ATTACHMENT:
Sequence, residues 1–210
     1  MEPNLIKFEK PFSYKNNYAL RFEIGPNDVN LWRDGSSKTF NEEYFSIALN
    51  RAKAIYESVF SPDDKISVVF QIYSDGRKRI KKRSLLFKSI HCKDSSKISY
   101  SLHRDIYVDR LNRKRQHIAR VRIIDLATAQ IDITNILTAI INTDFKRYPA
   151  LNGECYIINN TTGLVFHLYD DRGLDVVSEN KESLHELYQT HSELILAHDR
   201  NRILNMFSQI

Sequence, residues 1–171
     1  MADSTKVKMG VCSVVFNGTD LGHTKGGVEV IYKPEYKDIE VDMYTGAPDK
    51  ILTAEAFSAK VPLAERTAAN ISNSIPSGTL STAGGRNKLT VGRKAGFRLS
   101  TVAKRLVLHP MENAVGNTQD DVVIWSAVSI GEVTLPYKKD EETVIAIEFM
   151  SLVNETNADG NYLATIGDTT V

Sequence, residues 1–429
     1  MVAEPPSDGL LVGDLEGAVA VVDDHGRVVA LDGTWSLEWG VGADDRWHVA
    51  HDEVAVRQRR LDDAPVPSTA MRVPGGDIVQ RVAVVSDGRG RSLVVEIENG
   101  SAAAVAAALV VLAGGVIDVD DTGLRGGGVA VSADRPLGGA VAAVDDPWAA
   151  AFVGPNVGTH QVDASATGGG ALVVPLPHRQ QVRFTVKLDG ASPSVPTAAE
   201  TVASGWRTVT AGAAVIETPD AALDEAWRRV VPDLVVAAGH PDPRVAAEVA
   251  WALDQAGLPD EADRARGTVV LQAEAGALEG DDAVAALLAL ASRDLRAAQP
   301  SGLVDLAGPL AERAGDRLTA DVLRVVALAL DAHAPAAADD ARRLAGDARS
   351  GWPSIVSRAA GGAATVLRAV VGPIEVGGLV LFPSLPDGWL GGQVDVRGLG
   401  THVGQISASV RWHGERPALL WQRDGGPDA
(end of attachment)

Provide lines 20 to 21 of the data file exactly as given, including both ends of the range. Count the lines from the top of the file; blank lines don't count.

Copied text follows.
   351  GWPSIVSRAA GGAATVLRAV VGPIEVGGLV LFPSLPDGWL GGQVDVRGLG
   401  THVGQISASV RWHGERPALL WQRDGGPDA